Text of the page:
The Death of Capitalism: Reality sets in

I’m not exactly sure when the realization first struck me.

Perhaps it was when I was stuck in voice-mail hell for the umpteenth time, waiting to talk to a real live human being to resolve a problem, all the while being bombarded with pre-canned propaganda about the company’s commitment to meeting the needs of ME the customer.

Or perhaps it was when I went looking for a pair of gloves in March a couple of years ago, only to be informed that the store was out of them and wouldn’t be getting another shipment from Asia until next fall.

It was certainly well before it became apparent that the Masters of the Universe ™ on Wall Street are nothing more than glorified grifters bellying up to the government trough whenever they mess up.

But it has become apparent to me that, barring substantial reformation, market capitalism as we have all known it for our lifetimes, is as surely broken as Soviet socialism ever was. It’s the early days yet, but I am quite certain that when you privatize gains and publicize losses, refuse to deal with the pernicious effect of corporate lobbying on democracy and generally stick our collective heads in the sand, we’ve got a big problem.

And before I get the predictable flood of comments from Libertarian types claiming “You can’t say capitalism failed, it’s never really been tried,” let me just point out that there were Marxists throughout North America saying “You can’t say socialism failed, it’s never really been tried” long and loud circa  1993.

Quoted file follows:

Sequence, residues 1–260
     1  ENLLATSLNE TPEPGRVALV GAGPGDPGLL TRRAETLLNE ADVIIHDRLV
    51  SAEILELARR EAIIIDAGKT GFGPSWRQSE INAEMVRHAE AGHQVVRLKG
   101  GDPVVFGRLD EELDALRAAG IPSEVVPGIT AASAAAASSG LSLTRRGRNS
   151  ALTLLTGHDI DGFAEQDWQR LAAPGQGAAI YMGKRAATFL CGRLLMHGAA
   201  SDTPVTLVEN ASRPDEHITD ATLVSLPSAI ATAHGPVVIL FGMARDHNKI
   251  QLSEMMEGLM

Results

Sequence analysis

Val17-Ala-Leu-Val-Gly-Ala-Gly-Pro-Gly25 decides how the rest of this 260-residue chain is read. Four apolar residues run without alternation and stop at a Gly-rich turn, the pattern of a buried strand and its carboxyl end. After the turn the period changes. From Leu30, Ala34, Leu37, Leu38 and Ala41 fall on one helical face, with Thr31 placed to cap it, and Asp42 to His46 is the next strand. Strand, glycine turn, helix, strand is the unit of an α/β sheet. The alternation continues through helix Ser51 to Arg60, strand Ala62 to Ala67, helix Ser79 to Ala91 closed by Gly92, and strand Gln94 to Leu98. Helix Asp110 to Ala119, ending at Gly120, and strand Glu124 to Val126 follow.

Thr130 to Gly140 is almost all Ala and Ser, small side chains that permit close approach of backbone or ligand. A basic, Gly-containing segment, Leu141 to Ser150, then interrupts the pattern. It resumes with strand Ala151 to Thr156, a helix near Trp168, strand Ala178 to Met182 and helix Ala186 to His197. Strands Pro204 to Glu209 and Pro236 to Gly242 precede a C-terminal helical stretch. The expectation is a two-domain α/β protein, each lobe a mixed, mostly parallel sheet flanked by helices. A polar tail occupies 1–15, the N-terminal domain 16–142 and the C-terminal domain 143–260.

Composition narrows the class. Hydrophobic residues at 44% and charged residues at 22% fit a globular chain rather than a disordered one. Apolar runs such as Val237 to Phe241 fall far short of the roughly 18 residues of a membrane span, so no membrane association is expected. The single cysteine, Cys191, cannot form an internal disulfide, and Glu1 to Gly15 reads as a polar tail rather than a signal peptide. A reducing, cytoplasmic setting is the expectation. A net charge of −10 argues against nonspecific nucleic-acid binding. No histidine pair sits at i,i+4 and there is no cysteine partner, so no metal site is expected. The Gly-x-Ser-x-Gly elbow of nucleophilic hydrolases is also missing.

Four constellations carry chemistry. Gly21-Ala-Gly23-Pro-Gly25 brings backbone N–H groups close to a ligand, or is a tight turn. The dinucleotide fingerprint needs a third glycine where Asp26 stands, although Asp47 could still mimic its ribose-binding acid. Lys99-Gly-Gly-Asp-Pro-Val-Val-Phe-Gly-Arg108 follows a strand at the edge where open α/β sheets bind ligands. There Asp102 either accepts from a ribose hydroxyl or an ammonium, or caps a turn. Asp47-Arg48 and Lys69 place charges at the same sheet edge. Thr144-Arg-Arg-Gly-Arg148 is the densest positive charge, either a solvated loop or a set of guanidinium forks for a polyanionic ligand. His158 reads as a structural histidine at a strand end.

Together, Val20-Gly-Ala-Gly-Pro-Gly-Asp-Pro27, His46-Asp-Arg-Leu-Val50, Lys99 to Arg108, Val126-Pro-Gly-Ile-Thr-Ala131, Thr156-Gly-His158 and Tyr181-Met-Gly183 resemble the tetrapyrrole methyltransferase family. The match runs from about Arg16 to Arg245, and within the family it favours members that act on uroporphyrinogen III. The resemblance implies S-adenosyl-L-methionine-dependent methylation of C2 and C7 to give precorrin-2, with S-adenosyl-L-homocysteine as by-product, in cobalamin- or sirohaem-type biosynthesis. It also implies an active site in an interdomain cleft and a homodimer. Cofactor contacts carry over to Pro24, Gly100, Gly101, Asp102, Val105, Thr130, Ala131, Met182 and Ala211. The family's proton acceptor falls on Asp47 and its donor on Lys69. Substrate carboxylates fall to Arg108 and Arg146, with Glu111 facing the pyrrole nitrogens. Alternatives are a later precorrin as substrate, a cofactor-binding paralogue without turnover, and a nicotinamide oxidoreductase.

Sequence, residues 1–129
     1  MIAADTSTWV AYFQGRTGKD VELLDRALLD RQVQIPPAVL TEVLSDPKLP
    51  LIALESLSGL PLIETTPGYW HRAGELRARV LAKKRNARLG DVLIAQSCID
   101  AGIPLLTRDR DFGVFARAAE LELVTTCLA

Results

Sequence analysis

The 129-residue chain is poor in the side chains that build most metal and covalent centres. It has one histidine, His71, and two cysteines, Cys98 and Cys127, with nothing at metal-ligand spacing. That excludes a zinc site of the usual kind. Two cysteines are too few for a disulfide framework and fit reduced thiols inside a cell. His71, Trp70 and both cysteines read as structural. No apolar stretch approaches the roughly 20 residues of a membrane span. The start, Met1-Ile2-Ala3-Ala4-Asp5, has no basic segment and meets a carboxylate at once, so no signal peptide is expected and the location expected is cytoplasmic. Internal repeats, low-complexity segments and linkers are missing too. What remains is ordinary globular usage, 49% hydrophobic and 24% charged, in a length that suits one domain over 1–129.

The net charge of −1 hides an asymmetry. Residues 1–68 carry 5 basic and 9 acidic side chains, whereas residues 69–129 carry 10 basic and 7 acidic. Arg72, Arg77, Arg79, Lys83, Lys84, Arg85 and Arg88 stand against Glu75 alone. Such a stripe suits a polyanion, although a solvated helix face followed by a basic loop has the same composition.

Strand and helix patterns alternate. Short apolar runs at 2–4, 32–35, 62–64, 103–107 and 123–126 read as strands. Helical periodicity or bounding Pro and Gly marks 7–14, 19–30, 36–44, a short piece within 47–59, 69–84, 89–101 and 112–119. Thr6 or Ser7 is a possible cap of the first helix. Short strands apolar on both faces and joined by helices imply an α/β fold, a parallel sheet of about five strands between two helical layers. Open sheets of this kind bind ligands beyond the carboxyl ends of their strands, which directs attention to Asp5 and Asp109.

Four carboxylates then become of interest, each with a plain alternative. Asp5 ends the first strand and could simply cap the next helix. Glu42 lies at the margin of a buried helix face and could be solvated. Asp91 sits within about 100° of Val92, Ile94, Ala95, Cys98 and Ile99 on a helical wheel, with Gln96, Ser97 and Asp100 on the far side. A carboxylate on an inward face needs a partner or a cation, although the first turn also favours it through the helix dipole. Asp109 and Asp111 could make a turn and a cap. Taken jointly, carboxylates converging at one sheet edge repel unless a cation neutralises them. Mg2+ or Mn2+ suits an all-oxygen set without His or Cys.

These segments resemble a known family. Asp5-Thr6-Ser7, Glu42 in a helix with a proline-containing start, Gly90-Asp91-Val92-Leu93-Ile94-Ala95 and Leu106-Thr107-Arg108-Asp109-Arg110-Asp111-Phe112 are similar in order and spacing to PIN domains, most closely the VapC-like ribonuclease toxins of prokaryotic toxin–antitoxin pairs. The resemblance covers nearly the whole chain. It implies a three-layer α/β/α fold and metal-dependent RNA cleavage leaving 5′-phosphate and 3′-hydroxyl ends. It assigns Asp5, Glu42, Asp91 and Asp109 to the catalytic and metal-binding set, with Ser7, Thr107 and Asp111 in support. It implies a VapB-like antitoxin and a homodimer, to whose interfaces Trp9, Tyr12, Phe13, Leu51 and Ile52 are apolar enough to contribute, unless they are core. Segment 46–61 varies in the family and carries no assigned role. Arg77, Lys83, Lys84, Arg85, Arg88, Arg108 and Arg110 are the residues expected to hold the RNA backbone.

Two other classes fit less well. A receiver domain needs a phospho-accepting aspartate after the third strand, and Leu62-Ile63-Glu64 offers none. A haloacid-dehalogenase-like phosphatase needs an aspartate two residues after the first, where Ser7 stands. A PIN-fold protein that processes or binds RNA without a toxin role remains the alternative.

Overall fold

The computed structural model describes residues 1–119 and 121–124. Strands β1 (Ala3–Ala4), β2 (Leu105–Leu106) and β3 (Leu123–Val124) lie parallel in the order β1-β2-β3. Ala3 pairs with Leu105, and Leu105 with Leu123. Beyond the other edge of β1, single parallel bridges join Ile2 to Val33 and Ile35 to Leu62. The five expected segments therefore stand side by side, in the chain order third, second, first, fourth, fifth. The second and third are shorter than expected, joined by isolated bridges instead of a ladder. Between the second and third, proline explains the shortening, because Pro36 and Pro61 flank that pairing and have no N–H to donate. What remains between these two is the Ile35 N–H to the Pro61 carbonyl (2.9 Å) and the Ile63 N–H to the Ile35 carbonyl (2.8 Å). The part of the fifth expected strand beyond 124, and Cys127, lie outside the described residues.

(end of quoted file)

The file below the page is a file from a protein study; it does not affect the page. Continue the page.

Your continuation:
The truth is that the largest “market” economy in the world is now apparently being run by a banking oligarchy, according to the former IMF chief economist, who says if IMF staff were given the raw numbers with the name of the country redacted, they’d currently be proscribing exactly the same kind of “shock therapy” that’s been long-inflicted on Latin America, Asia and a ton of other places.

Here in western Canada we have, so far, been mercifully spared the worst of this meltdown. We have a small population base, lots of resources and we’re pretty far from banking centres. But make no mistake, we will eventually feel it. And when we do, there’s a pretty good chance that what we’re going to be feeling are the effects of The Death of Capitalism.

Here on TDOC, we’ll be exploring this theme, occasionally engaging in a bit of schadenfreude, and, most importantly, looking for the truth amidst all of the happy talk about how recovery is just around the corner.


1 thought on “The Death of Capitalism: Reality sets in”

  1. I agree somewhat that the US is living in a dream world. That somehow the hyper over consumption of the last decade will come back and let them keep borrowing money. They will hit a debt wall at some point and it won’t be very nice when it occurs.

    In the mean time, it’s a gross over generalization to say capitalism failed. I would argue in fact, we have really just realize its faults. For example, capitalism excels at setting a price for a product, but sucks at costing some of the inputs. For example, leaving a tree standing in capitalism is worth $0 currently, but worth $50 in lumber when you cut it down. Yet in fact that tree stores carbon, helps regulate local wind patterns and rainfall and provides food for local wildlife which in turn controls pests in the field next to the tree. All in all that tree may actually be worth $387, but that fact isn’t realized until the tree is gone.

    So capitalism can work, it just need some regulation to help input costs for those externals that typically get cost at $0.

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